Wednesday, 11 March 2015

Sjogren's Syndrome and TMJ Dysfunction: Bad Companions

This year I was finally able to see my chosen dental surgeon - one who specializes in oral and maxillofacial surgery. After 30 years of rheumatoid arthritis (RA) and hearing again and again over the years that if my jaw was sore I must be grinding my teeth, I found out the real truth - RA had severely damaged my TMJ (temporomandibular) joints. Since the damage happened over many years, the adjustments that my body made in response to the joint damage have left me with good function, even though a CT scan shows a much different picture.

It took a year to get the initial appointment and I expected to be on the surgeon's list for arthrosopic surgery for another year but, since the doctor was unexpectedly given more operating room time the process sped up and I had the procedure early in March. 

You might wonder what happens in this surgery. Basically the doctor uses a tiny camera inserted through an incision in front of the ear and just above the jaw to see the joint, and then uses small instruments inserted just above the camera to remove damaged cartilage, smooth rough surfaces, and clean the joint space - even to the extent of repositioning the disc if needed. 

You would have thought that a smart patient with Sjogren's Syndrome would have a clear idea of what is necessary for good self care when they headed to a hospital for jaw surgery. I thought I was well prepared but I was remembering other surgeries on my hands or feet - the extremities where a nerve block is the obvious way to control pain.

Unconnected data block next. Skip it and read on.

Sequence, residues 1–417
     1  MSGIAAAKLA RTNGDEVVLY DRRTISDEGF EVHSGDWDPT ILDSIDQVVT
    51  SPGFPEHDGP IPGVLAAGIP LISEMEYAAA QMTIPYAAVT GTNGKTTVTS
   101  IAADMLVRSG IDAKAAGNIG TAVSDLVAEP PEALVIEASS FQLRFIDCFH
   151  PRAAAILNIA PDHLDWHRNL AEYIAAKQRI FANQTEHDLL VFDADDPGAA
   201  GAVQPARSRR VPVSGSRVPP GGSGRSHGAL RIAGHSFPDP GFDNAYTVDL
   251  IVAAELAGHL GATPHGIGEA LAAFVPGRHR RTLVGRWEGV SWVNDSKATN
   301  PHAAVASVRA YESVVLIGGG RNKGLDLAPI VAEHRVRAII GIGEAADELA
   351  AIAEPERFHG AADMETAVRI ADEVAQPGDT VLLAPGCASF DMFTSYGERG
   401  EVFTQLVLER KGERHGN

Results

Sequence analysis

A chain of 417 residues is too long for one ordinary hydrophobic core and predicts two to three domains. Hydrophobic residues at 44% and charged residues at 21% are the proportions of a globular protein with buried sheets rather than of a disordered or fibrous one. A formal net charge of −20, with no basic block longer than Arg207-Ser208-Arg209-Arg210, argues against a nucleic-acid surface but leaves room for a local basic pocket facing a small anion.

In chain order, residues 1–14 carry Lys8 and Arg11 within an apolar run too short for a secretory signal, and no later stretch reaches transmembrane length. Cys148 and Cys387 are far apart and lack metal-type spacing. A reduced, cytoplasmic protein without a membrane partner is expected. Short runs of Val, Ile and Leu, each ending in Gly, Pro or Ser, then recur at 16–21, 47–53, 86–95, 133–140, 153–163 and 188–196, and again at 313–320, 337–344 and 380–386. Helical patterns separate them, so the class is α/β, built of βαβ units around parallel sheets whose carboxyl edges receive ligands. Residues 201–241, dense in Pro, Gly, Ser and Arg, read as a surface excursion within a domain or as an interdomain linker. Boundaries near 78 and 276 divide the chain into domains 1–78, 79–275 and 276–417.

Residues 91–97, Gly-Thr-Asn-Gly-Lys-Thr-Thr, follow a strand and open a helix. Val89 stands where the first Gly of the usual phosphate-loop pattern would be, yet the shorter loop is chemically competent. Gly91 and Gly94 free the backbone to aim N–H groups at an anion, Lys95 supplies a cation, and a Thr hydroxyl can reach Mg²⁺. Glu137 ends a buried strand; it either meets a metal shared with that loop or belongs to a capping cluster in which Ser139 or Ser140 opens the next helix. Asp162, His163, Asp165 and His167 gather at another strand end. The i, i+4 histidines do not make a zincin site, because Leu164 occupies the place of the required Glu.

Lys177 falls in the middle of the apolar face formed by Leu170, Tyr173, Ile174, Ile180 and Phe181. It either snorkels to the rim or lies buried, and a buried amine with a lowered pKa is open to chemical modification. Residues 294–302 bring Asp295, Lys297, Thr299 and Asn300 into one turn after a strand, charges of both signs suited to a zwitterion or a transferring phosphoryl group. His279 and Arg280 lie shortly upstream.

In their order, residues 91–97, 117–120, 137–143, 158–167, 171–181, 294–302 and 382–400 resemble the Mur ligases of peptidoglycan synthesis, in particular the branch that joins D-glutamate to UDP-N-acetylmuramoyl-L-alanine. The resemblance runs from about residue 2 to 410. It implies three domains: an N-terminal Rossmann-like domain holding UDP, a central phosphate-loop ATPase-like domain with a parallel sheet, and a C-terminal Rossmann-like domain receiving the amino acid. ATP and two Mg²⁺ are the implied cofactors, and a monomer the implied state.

I'm sure my eye was this red

Of course when the operation is on your face that strategy won't work, and the doctor is likely to want to make sure that you keep breathing regularly while he works. As a result the doctor started with a very effective decongestant which dried my whole sinus cavity very thoroughly.

I took a tiny sample of Oral Balance with me for dry mouth - it was a lifesaver, as was bargaining with the anesthetist to be able to use some Evoxac prior to the surgery. I was afraid that a breathing tube combined with a dry throat would feel dreadful.

Given the way I felt coming out of the anesthetic, I should have taken the whole medicine cabinet of over-the-counter products I normally use along with me for afterwards.

my usual eyedrops

My sinuses were so dry that I was desperate for saline spray to help the with headache and pain. Thank goodness for the Evoxac that helped my mouth and throat. Who expected the effect on my eyes to be so devastating? After I came out of the anesthetic I was unable to shut my right eye - the muscles on the right side of my face would not respond for hours after. That meant my eye was agonizingly dry, and I had no eye drops with me. 

Where was a saline spray when I needed it?

At least I had some dry mouth gel with me